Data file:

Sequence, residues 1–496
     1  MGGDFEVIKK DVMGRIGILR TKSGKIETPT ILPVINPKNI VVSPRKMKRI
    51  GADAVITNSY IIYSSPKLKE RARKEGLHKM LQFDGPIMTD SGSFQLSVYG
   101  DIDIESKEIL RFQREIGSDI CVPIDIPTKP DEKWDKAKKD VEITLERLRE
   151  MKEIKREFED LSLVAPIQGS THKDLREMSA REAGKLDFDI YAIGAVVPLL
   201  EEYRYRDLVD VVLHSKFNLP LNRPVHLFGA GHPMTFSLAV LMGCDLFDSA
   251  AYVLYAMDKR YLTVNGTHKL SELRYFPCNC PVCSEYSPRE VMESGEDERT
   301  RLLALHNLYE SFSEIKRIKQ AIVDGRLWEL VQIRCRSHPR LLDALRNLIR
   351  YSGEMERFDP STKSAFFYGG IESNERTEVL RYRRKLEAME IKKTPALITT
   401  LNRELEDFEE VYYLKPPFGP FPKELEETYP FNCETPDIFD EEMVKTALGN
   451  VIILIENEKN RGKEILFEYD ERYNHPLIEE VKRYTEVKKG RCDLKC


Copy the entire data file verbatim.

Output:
Sequence, residues 1–496
     1  MGGDFEVIKK DVMGRIGILR TKSGKIETPT ILPVINPKNI VVSPRKMKRI
    51  GADAVITNSY IIYSSPKLKE RARKEGLHKM LQFDGPIMTD SGSFQLSVYG
   101  DIDIESKEIL RFQREIGSDI CVPIDIPTKP DEKWDKAKKD VEITLERLRE
   151  MKEIKREFED LSLVAPIQGS THKDLREMSA REAGKLDFDI YAIGAVVPLL
   201  EEYRYRDLVD VVLHSKFNLP LNRPVHLFGA GHPMTFSLAV LMGCDLFDSA
   251  AYVLYAMDKR YLTVNGTHKL SELRYFPCNC PVCSEYSPRE VMESGEDERT
   301  RLLALHNLYE SFSEIKRIKQ AIVDGRLWEL VQIRCRSHPR LLDALRNLIR
   351  YSGEMERFDP STKSAFFYGG IESNERTEVL RYRRKLEAME IKKTPALITT
   401  LNRELEDFEE VYYLKPPFGP FPKELEETYP FNCETPDIFD EEMVKTALGN
   451  VIILIENEKN RGKEILFEYD ERYNHPLIEE VKRYTEVKKG RCDLKC